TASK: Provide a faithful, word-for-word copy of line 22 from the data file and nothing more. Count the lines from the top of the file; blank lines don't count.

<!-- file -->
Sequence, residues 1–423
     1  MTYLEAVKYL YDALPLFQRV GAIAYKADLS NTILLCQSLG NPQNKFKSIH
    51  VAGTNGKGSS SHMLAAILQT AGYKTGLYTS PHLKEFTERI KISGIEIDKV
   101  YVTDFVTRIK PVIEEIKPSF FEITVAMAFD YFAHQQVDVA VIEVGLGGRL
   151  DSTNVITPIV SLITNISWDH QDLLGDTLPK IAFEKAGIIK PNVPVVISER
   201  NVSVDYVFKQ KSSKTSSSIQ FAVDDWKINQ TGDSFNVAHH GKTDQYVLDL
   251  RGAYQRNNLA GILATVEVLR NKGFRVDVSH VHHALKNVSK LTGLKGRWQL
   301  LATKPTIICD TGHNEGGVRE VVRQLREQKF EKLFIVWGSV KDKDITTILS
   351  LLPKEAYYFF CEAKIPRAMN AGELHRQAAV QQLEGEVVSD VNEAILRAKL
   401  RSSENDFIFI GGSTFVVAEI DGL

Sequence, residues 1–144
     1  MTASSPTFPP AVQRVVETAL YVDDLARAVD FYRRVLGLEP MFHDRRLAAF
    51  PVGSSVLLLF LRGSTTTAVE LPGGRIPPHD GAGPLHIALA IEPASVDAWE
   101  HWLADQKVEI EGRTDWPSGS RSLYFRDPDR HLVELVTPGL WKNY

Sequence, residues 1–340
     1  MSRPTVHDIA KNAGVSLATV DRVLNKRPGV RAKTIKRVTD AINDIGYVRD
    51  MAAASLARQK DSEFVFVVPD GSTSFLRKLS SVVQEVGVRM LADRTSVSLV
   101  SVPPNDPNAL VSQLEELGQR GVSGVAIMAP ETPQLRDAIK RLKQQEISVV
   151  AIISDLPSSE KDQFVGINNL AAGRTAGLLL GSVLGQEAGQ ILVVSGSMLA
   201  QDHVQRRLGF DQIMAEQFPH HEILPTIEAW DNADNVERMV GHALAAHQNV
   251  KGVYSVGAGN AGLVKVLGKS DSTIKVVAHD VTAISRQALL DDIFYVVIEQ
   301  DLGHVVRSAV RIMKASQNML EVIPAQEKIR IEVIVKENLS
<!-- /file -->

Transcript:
   301  DLGHVVRSAV RIMKASQNML EVIPAQEKIR IEVIVKENLS